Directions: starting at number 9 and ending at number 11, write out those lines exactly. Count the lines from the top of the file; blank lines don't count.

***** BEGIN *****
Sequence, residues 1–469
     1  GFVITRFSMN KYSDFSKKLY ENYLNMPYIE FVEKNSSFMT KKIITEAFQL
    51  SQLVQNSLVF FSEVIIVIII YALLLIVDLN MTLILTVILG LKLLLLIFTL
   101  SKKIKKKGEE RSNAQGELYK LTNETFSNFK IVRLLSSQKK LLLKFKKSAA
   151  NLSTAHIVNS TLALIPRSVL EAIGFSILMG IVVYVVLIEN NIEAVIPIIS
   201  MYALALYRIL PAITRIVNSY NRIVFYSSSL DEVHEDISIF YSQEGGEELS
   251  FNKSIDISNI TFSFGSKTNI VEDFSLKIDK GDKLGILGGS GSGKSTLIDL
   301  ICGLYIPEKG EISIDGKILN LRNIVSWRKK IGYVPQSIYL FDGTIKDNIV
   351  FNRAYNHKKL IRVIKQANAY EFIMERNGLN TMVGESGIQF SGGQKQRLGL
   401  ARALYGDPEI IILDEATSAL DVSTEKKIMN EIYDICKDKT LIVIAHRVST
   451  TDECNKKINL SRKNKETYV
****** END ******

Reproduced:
   351  FNRAYNHKKL IRVIKQANAY EFIMERNGLN TMVGESGIQF SGGQKQRLGL
   401  ARALYGDPEI IILDEATSAL DVSTEKKIMN EIYDICKDKT LIVIAHRVST
   451  TDECNKKINL SRKNKETYV